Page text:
PerformanceTo measure the performance of the switch, we used a Thecus N5810 Pro NAS equipped with five HDDs (Seagate ST500DM005) in RAID 6. This NAS has five Ethernet ports that can be teamed for up to 5 Gbit speeds; however, we cannot exploit the feature since the GSS116E switch doesn't support dynamic LAG.
We chose to compare the GSS116E to a TL-SG3216 switch by TP-LINK with 16-ports and support for dynamic LAG for only another 40 bucks. The only major disadvantage of the TL-SG3216 as compared to Netgear's offering is its increased footprint. Since we cannot team the ports of our NAS with the GSS116E, we conducted all the tests with a single Ethernet port only, which ensures that both switches are tested under the same exact conditions.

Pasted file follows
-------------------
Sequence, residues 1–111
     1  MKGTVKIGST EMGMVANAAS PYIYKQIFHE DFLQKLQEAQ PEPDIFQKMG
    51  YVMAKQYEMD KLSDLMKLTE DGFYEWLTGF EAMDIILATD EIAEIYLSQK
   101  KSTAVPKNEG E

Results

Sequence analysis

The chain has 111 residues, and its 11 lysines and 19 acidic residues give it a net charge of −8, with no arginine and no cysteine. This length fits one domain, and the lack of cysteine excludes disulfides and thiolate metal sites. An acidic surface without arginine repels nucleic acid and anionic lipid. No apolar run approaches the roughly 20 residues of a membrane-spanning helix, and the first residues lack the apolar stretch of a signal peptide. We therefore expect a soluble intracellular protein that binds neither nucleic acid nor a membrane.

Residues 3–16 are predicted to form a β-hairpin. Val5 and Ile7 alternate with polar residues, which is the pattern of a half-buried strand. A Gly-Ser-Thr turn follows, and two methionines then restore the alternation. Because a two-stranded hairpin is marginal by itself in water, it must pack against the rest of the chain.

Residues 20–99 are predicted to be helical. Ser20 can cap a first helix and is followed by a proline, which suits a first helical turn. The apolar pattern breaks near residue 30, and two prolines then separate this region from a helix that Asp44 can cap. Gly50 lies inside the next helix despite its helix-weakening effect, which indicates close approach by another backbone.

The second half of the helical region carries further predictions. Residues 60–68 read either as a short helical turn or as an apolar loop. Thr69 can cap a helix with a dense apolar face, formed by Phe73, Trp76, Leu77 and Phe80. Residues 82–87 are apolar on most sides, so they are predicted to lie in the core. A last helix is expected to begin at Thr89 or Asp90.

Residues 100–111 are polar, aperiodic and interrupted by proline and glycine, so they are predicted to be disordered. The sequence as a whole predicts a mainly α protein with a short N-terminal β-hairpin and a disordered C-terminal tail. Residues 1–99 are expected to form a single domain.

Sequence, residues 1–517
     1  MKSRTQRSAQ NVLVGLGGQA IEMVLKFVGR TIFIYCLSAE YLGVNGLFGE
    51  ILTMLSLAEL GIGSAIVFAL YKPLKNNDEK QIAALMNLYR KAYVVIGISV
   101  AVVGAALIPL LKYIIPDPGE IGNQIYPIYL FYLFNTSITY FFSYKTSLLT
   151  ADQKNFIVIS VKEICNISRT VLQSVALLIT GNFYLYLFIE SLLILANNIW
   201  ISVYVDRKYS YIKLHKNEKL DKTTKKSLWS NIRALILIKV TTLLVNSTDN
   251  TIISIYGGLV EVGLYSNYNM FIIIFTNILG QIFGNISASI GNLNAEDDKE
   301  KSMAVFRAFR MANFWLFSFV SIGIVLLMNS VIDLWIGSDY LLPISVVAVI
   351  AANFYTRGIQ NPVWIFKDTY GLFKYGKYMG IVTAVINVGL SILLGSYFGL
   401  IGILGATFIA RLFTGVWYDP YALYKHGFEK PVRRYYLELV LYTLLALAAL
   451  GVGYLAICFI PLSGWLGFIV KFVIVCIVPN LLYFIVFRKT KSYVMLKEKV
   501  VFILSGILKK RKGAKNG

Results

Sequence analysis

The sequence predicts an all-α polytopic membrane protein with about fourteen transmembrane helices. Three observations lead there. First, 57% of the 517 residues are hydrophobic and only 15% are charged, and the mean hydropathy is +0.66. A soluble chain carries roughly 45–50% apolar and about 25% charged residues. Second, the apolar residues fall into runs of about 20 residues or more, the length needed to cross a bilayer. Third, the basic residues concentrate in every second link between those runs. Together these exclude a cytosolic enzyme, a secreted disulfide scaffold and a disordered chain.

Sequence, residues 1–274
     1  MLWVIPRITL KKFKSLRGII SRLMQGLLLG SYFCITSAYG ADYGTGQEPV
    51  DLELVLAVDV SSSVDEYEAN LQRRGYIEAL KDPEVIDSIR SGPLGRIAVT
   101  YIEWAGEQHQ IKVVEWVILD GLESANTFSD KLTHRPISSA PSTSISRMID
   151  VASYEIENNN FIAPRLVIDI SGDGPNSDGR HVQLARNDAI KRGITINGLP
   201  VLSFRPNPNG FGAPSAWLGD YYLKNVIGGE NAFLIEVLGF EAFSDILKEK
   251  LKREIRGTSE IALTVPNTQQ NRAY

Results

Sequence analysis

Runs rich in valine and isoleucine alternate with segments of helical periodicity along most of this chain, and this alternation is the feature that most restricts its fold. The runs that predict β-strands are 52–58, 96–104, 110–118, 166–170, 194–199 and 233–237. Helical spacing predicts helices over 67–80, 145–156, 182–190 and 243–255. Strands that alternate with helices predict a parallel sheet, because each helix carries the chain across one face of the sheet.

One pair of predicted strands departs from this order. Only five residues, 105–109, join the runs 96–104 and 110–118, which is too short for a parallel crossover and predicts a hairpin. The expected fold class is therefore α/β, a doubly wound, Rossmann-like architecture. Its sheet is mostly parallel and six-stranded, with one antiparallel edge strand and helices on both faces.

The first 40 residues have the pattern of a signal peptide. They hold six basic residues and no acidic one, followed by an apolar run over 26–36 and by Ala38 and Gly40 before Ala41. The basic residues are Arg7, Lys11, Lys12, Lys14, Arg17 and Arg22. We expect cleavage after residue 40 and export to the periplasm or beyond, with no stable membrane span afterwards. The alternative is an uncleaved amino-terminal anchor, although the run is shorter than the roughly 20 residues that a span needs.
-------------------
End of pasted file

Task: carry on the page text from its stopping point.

The above screenshot covers the problems we came across once we tried to enable the port trunking option of our Synology NAS while it was connected to the GSS116E.
The Netgear switch looks to offer slightly higher network transfer speeds than the TP-LINK switch.
The TP-LINK switch easily took the lead in the response-time tests.
Power ConsumptionLet us now check on just how much power the GSS116E needs in idle and during heavy throughput.
We use a GW Instek GPM-8212 power analyzer for all of our power consumption measurements.
This switch has very low energy requirements, so it won't affect your electricity bills significantly even if you have it operate around the clock.